This shakeup, coupled with Corgan going through a divorce and the death of his mother, influenced the somber mood of the band's next album, 1998's Adore.
Featuring a darker, more subdued and heavily electronic sound at a time when alternative rock was declining in mainstream cachet, Adore divided both critics and fans, resulting in a significant decrease in album sales (it sold 1.3 million discs in the US).
He decided to start playing guitar when he went over to a friend's house and saw his friend's Flying V.
He later joined Total Nonstop Action Wrestling (now known as Impact Wrestling) in 2015, becoming its president in August 2016.
After leaving TNA in November 2016, Corgan purchased the National Wrestling Alliance (NWA), gaining its ownership in October 2017. was born at Columbus Hospital in Chicago's Lincoln Park neighborhood on March 17, 1967 as the oldest son of William Corgan Sr., a blues/rock guitarist, and Martha Louise Maes Corgan Lutz. However, by the time he began attending Glenbard North High School in Carol Stream, Illinois, he had become only an average athlete.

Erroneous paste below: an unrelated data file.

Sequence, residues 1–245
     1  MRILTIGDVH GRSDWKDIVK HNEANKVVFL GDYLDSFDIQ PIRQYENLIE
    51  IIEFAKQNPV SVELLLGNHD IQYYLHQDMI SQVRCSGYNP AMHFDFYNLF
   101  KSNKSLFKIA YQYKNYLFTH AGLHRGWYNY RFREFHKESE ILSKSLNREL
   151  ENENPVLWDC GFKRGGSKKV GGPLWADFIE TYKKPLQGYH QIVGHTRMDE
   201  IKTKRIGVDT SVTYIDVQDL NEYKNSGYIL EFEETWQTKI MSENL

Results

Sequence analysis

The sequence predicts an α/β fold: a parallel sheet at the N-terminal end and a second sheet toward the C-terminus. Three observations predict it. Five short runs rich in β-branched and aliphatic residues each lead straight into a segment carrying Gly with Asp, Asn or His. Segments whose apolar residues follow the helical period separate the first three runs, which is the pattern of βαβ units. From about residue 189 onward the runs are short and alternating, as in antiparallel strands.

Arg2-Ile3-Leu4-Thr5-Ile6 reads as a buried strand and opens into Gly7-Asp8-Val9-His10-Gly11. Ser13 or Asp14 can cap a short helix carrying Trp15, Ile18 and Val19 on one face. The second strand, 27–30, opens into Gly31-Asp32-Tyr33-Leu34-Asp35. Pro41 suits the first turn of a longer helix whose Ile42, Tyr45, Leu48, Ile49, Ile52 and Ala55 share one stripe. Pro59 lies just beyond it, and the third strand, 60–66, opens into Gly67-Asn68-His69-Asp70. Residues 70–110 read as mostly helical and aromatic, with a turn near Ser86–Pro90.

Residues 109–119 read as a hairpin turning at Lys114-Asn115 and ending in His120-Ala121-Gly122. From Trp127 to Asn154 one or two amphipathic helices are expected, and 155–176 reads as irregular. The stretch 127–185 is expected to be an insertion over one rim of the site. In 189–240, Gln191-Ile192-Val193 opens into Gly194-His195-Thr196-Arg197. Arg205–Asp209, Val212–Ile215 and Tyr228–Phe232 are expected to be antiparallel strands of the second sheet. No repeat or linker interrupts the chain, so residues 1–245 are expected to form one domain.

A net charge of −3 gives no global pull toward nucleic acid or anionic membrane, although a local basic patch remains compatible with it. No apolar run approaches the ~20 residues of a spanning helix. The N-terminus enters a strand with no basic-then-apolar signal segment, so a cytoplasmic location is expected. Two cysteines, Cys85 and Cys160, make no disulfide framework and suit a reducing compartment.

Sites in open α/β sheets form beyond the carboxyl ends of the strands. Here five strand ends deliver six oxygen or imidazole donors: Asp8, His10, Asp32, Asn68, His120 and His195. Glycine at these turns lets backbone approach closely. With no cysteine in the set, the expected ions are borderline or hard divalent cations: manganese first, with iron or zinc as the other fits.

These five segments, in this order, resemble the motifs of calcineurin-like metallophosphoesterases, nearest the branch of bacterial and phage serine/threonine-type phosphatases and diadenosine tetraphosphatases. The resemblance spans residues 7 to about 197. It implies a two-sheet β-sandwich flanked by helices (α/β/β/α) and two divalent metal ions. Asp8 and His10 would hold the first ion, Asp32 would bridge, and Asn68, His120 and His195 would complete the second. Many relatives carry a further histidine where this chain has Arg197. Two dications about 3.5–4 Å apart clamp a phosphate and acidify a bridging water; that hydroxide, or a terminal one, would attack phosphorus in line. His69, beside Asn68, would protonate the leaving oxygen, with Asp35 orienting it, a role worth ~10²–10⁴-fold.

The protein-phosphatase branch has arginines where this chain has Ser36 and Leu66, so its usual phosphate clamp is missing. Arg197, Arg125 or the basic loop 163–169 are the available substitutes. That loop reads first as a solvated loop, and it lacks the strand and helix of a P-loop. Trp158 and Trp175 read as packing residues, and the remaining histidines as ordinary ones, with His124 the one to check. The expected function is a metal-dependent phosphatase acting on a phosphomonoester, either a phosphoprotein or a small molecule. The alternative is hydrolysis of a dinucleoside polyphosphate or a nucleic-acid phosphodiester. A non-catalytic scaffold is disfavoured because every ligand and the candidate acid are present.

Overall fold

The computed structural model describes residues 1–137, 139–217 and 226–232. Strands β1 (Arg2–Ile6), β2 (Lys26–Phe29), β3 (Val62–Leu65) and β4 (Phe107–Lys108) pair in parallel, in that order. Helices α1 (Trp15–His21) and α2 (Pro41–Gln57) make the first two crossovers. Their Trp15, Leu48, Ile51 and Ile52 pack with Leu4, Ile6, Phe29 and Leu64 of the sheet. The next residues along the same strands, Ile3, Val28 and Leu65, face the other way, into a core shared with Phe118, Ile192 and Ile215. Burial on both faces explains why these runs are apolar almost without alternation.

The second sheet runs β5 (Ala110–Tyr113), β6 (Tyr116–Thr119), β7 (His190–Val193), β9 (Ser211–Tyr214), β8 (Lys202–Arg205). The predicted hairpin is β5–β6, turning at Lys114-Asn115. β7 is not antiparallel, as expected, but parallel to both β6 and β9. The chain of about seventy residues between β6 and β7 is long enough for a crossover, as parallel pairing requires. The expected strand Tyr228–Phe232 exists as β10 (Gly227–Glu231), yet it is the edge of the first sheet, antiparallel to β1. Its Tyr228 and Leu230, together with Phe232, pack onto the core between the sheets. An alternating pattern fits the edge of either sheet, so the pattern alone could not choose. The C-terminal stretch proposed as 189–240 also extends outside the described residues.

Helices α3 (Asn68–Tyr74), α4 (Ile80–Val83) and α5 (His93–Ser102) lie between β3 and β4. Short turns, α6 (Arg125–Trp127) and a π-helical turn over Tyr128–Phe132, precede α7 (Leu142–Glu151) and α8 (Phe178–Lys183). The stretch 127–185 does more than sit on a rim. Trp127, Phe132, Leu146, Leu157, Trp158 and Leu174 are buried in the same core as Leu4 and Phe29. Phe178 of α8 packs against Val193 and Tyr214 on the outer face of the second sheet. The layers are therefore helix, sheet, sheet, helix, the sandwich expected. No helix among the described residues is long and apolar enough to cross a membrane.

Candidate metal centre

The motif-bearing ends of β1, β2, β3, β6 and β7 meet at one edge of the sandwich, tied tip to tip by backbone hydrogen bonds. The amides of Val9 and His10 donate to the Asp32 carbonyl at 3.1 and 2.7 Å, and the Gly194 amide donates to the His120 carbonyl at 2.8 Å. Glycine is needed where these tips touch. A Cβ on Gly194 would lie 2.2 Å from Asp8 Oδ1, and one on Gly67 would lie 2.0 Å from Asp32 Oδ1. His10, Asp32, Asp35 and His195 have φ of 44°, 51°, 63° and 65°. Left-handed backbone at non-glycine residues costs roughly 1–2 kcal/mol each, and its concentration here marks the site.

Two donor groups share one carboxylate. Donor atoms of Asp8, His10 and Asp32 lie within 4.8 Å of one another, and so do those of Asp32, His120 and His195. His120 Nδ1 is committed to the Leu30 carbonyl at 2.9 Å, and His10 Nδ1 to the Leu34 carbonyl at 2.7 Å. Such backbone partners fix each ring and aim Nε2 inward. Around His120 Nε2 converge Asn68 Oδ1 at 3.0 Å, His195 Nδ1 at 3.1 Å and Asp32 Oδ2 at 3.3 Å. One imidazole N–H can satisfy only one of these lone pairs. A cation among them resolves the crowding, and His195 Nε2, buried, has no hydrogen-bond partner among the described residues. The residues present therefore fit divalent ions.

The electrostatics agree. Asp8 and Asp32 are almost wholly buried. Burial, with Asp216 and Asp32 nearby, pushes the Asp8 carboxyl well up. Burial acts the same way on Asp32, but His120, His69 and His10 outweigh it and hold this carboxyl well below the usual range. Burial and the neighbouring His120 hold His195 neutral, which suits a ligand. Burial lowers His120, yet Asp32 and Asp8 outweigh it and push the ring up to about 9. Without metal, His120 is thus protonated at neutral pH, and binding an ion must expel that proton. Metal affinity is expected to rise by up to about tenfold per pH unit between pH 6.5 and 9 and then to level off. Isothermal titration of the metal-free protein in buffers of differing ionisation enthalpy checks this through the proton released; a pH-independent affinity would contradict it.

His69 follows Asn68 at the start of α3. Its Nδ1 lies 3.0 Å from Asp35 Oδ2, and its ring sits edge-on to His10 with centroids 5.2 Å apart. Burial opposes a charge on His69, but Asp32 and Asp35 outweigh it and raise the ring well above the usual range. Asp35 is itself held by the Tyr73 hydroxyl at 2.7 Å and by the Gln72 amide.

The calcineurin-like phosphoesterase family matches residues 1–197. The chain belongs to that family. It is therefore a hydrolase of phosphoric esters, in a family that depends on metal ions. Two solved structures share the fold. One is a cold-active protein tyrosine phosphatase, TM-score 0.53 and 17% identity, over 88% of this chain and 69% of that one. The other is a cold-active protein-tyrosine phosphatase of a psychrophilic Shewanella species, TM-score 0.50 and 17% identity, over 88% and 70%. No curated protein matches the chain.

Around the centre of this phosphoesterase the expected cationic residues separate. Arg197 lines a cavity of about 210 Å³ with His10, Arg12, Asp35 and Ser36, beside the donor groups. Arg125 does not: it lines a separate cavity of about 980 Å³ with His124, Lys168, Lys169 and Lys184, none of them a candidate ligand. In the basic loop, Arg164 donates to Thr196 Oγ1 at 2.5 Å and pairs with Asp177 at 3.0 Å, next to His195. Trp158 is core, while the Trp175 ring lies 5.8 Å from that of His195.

The album was nominated for seven Grammy awards that year, and would eventually be certified ten times platinum in the United States.
The song "1979" was Corgan's biggest hit to date, reaching No.
Chamberlin was reunited with the band in 1999, and 2000 saw Machina/The Machines of God, a concept album on which the band deliberately played to their public image; critics were again divided, and sales were lower than ever.